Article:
It’s an ambitious plan that aims to end Berlin’s dependence on fossil energy and its exporting countries, such as Russia: Germany and Canada want to become hydrogen’s partners.
The German economy minister and his Canadian counterpart signed a declaration in Stephenville, Newfoundland and Labrador province, calling for Canada to send the first green hydrogen ships across the Atlantic starting in 2025.
The Russian invasion of Ukraine has increased the pressure, Prime Minister Justin Trudeau said: “The invasion of Ukraine has put us on a fast track to a future that we knew was coming. In the future we will not be independent of oil and gas, but we will be less dependent on oil and gas in general”.
The German Chancellor praised Canada’s vast potential: “We believe that the Canadian Atlantic provinces are a great opportunity for us and Canada to contribute to the energy transition. Canada is a close and relative partner. We need to talk in the short term.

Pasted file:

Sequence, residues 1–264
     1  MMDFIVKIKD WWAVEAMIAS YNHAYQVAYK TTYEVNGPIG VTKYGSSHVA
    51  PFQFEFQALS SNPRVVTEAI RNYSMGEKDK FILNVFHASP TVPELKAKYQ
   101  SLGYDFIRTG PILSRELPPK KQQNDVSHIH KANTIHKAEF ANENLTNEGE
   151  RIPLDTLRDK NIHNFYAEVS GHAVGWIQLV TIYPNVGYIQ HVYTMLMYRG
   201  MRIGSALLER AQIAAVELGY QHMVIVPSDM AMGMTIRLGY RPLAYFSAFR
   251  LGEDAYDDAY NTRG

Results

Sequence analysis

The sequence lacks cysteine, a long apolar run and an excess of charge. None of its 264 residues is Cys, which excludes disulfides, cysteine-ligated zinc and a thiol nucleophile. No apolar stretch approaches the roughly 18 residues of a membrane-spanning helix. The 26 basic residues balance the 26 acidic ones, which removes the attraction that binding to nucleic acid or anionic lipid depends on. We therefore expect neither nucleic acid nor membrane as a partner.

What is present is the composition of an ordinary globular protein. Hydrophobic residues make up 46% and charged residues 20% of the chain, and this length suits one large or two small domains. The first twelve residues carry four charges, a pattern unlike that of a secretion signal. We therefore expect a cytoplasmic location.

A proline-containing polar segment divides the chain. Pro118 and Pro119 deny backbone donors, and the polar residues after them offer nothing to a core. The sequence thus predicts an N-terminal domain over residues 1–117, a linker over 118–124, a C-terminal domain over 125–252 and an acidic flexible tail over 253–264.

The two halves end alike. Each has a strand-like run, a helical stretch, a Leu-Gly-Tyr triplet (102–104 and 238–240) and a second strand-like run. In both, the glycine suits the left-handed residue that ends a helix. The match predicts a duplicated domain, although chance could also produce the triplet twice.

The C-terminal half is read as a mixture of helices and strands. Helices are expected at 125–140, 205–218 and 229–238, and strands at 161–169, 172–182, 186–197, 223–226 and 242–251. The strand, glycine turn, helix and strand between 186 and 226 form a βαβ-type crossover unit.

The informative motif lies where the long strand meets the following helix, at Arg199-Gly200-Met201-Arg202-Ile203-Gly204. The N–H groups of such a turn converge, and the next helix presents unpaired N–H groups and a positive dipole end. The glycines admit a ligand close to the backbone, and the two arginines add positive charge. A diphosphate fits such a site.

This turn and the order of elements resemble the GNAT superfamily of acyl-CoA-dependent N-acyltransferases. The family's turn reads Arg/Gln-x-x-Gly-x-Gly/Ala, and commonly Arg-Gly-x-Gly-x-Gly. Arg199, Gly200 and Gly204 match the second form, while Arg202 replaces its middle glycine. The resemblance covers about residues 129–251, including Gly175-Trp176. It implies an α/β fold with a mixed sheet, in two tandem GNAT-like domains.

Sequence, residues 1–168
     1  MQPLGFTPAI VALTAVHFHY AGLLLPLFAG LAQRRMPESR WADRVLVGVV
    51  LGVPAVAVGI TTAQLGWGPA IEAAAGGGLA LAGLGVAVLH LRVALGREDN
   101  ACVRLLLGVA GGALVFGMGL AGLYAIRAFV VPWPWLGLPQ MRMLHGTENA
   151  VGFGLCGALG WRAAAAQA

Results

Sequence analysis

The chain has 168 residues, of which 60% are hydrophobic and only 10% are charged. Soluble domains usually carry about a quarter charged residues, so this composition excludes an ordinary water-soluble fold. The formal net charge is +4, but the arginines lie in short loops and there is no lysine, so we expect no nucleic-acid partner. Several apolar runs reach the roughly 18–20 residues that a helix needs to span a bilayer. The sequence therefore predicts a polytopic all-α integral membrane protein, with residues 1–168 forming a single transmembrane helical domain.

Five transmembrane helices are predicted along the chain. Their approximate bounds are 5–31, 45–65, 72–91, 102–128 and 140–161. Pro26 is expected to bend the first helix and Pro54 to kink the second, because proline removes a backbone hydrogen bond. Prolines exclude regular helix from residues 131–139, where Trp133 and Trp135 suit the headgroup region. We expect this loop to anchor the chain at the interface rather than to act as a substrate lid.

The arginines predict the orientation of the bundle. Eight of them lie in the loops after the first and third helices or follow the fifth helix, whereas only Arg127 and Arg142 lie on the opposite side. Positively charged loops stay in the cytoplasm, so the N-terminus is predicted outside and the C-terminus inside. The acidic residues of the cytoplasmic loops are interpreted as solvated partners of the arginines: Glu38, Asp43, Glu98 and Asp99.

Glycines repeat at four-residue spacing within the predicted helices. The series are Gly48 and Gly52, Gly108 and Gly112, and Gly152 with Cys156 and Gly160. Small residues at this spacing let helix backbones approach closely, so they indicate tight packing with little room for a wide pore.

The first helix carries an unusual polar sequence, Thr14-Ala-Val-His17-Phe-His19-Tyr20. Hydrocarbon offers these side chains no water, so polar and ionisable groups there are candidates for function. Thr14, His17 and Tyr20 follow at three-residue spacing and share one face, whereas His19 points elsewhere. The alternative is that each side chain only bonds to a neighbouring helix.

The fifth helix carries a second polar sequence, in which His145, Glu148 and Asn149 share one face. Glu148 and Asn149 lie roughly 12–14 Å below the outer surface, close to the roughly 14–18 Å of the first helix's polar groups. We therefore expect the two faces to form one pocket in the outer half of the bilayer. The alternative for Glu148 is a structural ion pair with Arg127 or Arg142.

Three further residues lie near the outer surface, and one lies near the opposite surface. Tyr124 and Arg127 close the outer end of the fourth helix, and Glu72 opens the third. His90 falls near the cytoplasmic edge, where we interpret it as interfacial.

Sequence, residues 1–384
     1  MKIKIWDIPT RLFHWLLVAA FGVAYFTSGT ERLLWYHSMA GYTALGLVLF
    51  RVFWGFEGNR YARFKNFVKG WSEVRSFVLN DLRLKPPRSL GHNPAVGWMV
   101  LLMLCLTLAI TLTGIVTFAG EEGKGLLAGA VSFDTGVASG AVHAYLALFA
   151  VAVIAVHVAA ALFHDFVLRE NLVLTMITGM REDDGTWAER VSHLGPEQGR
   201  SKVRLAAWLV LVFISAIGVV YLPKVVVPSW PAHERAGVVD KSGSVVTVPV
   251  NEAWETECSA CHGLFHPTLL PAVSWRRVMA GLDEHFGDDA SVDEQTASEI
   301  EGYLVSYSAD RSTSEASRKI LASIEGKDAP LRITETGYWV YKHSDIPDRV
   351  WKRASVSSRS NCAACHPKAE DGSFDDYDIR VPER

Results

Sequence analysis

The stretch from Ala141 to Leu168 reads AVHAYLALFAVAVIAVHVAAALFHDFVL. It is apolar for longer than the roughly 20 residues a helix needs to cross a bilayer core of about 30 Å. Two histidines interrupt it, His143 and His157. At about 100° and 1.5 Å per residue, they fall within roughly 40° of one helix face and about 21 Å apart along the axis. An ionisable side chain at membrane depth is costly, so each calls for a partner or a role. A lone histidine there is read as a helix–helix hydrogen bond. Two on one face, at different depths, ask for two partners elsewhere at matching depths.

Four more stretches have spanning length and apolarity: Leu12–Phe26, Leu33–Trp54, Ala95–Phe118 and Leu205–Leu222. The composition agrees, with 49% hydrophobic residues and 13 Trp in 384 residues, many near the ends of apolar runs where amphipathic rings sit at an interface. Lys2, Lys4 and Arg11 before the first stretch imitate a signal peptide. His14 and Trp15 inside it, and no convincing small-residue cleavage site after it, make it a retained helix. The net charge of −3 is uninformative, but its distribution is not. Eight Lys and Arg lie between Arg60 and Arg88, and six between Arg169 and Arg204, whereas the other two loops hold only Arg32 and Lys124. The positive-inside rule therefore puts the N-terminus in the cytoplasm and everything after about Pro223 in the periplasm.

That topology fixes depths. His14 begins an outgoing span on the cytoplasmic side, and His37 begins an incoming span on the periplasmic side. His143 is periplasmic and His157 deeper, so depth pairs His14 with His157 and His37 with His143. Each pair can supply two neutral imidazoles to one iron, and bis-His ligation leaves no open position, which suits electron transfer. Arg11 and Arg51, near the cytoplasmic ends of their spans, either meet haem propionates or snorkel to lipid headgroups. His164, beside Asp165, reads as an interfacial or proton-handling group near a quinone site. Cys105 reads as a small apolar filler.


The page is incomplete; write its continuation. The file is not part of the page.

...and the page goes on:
Green hydrogen is produced by splitting water. The resulting gas can only be carbon dioxide-free if electricity for fission comes from renewable energy sources, considered a good base in the Canadian Atlantic provinces.
Ottawa now needs to invest billions in technology and infrastructure development because a green hydrogen production plant is not currently operational. Berlin wants to support German companies importing hydrogen and aims to build a supply chain within ten years. There is still a lot of work to be done.
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